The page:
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Most Helpful Customer Reviews on Amazon.com (beta)
Amazon.com: 3.7 out of 5 stars  63 reviews
26 of 28 people found the following review helpful
5.0 out of 5 stars A love-letter to Brust fans April 1 2011
By Joshua W Epp - Published on Amazon.com
Format:Hardcover
Tiassa, Brust's thirteenth novel, is one of the most ambitious to date. It incorporates a myriad of writing styles from his past Dragaera works; the typical Vlad first-person, the third-person character-per-chapter narrative used in Brokedown Palace, and as much of the book focuses on Khaavren and his family, a bit more of Paarfi. This book is by no means a stylistic exercise, however; it has a focal point that stays very focused on the plot, and the way the story is presented actually gives a new way of looking at things. It was especially interesting to see, during the course of an investigation, the way Khaavren and a number of those in his employ measured Vlad's worth with a sense of begrudging respect, or the way Norathar and Cawti feel towards one another/the Empire, how idiotic Piro's 'benevolent highwayman' schtick appears in Vlad's world, etc.

I've seen other reviewers claim that this book does nothing to further the story, a criticism I honestly would've lodged against Iorich, which, while a decent read, did little to advance the overall plot or provide opportunity for character growth. Tiassa not only sheds some light on some things that have been alluded to in past books (Devera, the Issola bard, the box he talks to) but also drops some HUGE hints toward the future of the series, one in particular stated almost outright by a certain Imperial official.

If I have to levy a criticism against it, it would be that it is definitely not the best place to jump into the series (though arguably that has been true for several books at this point) and it does heavily incorporate characters (and the ridiculously, hilariously overwrought writing style) of the Khaavren romances, which I adore, but could be confusing even to long-time readers if they've never strayed outside of the main Vlad series. Chronologically, it's all over the place; it jumps from events happening just after Yendi to around the same time as Dragon to slightly before (or after) Iorich.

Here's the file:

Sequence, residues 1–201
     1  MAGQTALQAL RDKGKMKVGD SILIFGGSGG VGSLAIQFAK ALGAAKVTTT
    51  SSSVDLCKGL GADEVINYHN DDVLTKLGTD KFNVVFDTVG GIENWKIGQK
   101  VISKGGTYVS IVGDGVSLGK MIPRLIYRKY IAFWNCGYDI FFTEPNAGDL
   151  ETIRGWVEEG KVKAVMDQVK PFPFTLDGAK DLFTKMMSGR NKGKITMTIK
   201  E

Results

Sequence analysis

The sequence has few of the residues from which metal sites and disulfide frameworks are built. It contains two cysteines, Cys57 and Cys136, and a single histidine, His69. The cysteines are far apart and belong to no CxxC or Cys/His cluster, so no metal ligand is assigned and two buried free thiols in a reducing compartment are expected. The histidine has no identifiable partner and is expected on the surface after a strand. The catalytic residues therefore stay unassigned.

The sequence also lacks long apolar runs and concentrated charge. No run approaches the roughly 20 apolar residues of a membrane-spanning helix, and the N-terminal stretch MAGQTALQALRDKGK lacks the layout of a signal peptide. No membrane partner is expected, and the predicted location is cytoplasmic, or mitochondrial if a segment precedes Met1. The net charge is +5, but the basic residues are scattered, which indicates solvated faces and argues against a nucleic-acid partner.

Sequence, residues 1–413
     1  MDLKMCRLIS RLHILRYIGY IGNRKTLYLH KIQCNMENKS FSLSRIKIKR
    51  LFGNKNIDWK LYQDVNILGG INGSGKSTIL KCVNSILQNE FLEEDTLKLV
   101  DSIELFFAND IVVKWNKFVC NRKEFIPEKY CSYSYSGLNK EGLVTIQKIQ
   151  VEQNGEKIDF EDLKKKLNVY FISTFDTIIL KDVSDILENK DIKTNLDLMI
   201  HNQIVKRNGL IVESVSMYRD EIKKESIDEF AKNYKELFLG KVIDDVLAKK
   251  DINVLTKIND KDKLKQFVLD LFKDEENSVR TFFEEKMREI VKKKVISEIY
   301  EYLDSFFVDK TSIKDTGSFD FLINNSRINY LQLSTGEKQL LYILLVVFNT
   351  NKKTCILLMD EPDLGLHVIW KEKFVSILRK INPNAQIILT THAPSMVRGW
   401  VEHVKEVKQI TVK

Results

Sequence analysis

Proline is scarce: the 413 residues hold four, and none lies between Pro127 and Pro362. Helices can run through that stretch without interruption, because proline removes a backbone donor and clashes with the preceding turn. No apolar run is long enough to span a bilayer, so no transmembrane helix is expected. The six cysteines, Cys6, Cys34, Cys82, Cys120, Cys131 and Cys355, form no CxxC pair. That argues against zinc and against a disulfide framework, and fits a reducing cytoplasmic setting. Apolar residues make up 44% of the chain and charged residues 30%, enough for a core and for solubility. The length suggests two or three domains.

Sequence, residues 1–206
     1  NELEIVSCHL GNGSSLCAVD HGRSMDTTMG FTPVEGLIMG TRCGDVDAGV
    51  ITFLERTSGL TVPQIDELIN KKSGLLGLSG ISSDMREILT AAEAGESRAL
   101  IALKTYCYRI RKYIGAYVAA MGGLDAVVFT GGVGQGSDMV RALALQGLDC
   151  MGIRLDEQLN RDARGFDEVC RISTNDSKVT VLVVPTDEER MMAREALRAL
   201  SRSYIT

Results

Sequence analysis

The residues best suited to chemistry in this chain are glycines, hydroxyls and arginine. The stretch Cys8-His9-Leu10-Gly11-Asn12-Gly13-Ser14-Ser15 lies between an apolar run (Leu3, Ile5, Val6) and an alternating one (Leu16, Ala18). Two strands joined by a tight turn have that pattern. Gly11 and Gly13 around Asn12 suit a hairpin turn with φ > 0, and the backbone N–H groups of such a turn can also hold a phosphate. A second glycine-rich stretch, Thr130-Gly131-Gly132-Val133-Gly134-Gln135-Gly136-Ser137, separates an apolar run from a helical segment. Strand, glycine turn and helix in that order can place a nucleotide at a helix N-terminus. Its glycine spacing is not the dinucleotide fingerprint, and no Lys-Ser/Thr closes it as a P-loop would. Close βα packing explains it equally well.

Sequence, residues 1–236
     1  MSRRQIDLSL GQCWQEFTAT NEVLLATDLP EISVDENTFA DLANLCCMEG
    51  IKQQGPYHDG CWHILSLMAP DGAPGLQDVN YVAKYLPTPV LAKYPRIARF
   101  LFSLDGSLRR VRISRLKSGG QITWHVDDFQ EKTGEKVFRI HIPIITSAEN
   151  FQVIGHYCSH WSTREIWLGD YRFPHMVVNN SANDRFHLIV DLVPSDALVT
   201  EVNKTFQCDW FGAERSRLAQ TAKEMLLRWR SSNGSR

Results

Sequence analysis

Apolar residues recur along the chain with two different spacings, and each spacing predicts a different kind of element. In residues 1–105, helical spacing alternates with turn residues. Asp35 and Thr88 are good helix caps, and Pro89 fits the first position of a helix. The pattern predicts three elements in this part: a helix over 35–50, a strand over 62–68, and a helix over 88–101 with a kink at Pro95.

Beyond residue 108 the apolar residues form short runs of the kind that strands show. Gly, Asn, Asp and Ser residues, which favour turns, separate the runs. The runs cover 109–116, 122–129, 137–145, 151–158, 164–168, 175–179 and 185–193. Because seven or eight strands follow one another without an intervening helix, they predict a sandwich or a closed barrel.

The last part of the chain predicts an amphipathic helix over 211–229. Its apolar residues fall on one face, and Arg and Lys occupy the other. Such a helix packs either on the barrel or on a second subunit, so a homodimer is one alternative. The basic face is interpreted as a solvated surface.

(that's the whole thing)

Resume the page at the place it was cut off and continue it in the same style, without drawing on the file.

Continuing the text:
Its a great book for long-time fans of Brust, and definitely one of the best in the series, both in terms of story and general writing. Not to be missed.
32 of 36 people found the following review helpful
3.0 out of 5 stars Not the best by far, but not a total waste... March 31 2011
By John S. Dean - Published on Amazon.com
Format:Kindle Edition|Verified Purchase
I've loved the series since I bought the just published "Jhereg" ages ago. I've done the ups and downs as we rode the roller coaster as the morality changed after Brust's own personal experiences with killings. So I guess this shouldn't be too much of a shocker, but it is a bit of a disappointment...

We spent years with the buildup of spellbreaker, and finally the great weapon is created... and then....

I keep waiting for more about the *after*, because I've been so curious. But this one again jumps in time, forwards, backwards, forwards... Pre marriage, post marriage.

And while the parts written from Vlad's point of view are as enjoyable as ever, as others have mentioned, there's not a lot of that...

We get to learn a little more about Devera, but beyond that, there just didn't seem that much here that moved the story forward at all, nor did it really fill in any big questions anywhere else.